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A concave tawa designed for use in a home kitchen

A tava(h), tawa(h), tapa, saj, or saj tava is a flat or concave disc-shaped frying pan or griddle, usually made of cast iron, aluminum, or carbon steel.[1] It may be enameled or given a non-stick surface.[2][3] It is used in the cuisines of Central, West, and South Asia, and of the Caucasus, the Caribbean, and the Balkans. The large concave styles of tava, sometimes called a saj or sac tava, may be turned upside down for cooking a variety of flatbreads on the convex side. The concave side is used like a wok[4] or frying pan.[5][6]


In nearly all Indo-Aryan languages such as Punjabi, Hindi and Urdu tawaa means cooking pan.[7] It is cognate with the Persian word tāve (تاوه‏),[8] which is used in Iran, and with the Georgian tapa (ტაფა); while the name saj ((صاج) in Arabic, lit. sheet-metal)[9][10] and written saç or sac in Turkish is used in Southwest Asia, with overlap in Pakistan and Afghanistan.[11] The word tava is also used in Bosnian, Croatian, Serbian, Macedonian, Romanian and Turkish and refers to any kind of frying pan. In Serbia and Bulgaria, flat ceramic сач or сачѐ (sach/sache) are used for table-top cooking of thin slices of vegetables and meat; тава (tava), on the other hand, are metal baking dishes with sides. In Pashto it is more popularly known as tabakhey (تبخے/طبخی).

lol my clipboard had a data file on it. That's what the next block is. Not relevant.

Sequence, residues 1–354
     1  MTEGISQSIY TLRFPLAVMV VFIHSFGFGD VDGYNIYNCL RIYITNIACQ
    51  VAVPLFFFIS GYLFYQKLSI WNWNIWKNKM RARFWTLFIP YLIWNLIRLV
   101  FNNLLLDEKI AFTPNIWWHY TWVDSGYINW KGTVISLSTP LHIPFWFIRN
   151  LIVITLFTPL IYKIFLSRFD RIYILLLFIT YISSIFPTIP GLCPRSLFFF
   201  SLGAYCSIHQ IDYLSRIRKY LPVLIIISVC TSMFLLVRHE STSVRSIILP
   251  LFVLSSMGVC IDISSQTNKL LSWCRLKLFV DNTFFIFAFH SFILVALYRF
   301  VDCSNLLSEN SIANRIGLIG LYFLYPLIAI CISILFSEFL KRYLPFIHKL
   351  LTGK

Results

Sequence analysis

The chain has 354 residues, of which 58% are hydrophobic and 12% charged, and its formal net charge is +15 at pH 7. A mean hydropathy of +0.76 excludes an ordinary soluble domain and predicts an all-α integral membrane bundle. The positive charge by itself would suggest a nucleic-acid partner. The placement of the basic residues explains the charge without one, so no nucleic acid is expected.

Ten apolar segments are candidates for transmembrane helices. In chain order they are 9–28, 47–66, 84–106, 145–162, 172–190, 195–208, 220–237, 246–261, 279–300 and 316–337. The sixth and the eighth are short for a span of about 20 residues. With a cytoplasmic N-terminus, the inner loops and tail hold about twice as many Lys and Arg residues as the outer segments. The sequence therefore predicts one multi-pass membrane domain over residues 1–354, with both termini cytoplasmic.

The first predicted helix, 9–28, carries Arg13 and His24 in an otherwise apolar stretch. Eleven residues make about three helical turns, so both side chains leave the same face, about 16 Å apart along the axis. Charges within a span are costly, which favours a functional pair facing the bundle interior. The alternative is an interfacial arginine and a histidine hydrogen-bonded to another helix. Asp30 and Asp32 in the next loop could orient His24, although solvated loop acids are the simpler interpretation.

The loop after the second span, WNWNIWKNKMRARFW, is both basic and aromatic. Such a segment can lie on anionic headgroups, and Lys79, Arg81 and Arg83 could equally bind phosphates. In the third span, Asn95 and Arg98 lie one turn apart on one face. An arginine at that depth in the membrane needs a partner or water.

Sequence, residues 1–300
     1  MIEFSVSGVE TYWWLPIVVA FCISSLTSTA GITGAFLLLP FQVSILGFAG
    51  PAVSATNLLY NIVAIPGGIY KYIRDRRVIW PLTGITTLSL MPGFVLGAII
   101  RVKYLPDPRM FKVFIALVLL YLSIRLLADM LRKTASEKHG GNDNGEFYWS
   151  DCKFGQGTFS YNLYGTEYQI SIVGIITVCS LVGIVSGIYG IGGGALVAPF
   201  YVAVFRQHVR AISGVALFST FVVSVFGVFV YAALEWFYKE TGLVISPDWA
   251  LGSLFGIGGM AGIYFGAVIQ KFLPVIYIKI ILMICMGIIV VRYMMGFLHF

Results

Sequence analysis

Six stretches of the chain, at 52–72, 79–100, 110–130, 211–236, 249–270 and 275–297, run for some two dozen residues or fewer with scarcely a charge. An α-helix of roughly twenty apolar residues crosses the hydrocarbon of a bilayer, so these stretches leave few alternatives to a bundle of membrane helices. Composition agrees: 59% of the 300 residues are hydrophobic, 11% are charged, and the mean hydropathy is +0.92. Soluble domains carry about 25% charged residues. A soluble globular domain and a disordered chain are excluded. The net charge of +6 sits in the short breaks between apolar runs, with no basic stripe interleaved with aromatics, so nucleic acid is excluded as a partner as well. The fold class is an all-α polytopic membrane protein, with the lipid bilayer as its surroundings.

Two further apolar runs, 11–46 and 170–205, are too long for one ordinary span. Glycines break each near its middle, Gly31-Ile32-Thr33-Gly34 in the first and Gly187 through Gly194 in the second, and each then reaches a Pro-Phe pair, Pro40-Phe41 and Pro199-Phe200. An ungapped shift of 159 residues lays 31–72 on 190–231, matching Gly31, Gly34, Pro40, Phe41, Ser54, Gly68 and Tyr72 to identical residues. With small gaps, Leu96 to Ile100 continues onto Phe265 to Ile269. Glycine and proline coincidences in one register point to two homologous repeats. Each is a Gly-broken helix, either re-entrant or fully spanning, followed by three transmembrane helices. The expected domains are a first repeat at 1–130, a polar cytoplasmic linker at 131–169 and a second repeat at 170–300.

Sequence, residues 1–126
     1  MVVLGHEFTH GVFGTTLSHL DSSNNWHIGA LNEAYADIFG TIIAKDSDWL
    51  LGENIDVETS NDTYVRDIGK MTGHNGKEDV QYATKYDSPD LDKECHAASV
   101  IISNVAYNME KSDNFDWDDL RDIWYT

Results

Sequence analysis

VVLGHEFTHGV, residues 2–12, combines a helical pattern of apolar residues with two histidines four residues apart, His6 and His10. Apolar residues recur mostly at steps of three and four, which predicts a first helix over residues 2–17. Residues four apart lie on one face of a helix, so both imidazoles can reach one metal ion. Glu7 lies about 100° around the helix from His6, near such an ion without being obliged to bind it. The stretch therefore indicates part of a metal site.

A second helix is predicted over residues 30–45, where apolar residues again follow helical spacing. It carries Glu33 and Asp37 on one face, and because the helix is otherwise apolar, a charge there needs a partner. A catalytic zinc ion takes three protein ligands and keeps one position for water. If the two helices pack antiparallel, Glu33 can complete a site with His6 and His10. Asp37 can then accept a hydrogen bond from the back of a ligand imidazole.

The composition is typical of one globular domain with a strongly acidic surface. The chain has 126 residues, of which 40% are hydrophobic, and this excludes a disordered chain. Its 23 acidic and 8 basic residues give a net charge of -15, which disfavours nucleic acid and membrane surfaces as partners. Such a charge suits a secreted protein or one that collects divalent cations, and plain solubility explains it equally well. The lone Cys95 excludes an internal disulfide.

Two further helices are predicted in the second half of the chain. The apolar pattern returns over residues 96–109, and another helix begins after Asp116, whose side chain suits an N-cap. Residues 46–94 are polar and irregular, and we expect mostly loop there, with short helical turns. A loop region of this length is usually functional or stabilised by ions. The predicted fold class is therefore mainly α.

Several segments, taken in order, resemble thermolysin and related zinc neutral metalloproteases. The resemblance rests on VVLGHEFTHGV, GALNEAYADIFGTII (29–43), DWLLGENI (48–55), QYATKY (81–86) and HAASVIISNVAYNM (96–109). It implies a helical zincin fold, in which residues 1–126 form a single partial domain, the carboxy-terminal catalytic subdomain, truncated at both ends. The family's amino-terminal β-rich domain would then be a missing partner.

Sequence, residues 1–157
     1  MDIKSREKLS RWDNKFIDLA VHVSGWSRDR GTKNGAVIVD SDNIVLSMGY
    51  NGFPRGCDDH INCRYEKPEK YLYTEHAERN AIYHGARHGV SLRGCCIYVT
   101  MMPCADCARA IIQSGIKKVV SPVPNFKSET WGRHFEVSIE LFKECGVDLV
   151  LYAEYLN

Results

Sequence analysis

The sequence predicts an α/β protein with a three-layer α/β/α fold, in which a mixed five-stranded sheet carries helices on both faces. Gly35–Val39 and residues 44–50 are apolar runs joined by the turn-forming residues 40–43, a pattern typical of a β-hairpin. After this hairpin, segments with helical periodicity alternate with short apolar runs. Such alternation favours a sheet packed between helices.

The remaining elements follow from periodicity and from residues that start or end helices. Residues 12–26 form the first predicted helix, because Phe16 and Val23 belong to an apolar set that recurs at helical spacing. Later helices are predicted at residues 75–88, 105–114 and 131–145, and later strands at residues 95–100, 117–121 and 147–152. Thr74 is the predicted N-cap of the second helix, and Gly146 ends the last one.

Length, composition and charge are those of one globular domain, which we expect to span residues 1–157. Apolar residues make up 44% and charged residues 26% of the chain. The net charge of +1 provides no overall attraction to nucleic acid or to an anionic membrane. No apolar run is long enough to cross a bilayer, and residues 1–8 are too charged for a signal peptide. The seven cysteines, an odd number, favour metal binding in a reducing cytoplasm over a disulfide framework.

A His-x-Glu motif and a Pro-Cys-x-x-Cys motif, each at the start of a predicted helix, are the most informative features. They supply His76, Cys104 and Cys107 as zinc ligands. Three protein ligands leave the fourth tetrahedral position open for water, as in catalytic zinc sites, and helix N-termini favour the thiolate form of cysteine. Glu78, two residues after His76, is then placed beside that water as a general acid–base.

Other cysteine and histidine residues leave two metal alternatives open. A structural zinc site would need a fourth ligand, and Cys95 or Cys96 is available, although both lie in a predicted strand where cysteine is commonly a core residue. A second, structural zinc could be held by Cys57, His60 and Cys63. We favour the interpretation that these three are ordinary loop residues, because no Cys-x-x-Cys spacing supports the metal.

A tava or saj is used to bake a variety of leavened and unleavened flatbreads and pancakes across the broad region: pita, naan, saj bread, roti, chapati, paratha, dosa, and pesarattu. In Pakistan, especially in rural areas, large convex saj are used to cook several breads at the same time or to make rumali roti.

See also[edit]


  1. ^ Petrina Verma Sarkar, "What Is an Indian Tawa?", The Spruce Eats April 13, 2019
  2. ^ Marie Simmons, Things Cooks Love: Implements, Ingredients, Recipes, 2008, ISBN 0740769766, p. 251
  3. ^ https://www.google.com/books/edition/South_Indian_Cooking/3m6DBAAAQBAJ?hl=en&gbpv=1&dq=tava+non+stick&pg=PT32
  4. ^ https://www.google.com/books/edition/Fodor_s_Turkey/FEVEAgAAQBAJ?hl=en&gbpv=1&dq=sac+tava+wok&pg=PT751
  5. ^ Mason, Taymer (2016-11-29). Caribbean Vegan: Meat-Free, Egg-Free, Dairy-Free Authentic Island Cuisine for Every Occasion. The Experiment. ISBN 9781615193615.
  6. ^ "How Do You Use a Tawa to Cook Indian?". The Spruce Eats. Retrieved 2019-10-02.
  7. ^ "A dictionary of Urdu, classical Hindi, and English". Dsalsrv02.uchicago.edu. Retrieved 2017-10-11.
  8. ^ F. Steingass, A Comprehensive Persian–English Dictionary, 1930, p. 277
  9. ^ Maxime Rodinson, et al., Medieval Arab cookery, 2001, p. 154
  10. ^ Hans Wehr, Dictionary of Modern Written Arabic, 1966, p. 499
  11. ^ Suad Joseph, Afsaneh Najmabadi, Encyclopedia of Women & Islamic Cultures: Family, body, sexuality and health, 2005, p. 109